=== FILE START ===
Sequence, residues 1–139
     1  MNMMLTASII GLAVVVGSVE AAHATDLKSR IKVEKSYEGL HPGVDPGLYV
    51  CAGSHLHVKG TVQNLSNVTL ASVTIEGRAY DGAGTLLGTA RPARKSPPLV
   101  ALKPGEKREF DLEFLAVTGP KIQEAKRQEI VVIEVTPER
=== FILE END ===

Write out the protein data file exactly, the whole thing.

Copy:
Sequence, residues 1–139
     1  MNMMLTASII GLAVVVGSVE AAHATDLKSR IKVEKSYEGL HPGVDPGLYV
    51  CAGSHLHVKG TVQNLSNVTL ASVTIEGRAY DGAGTLLGTA RPARKSPPLV
   101  ALKPGEKREF DLEFLAVTGP KIQEAKRQEI VVIEVTPER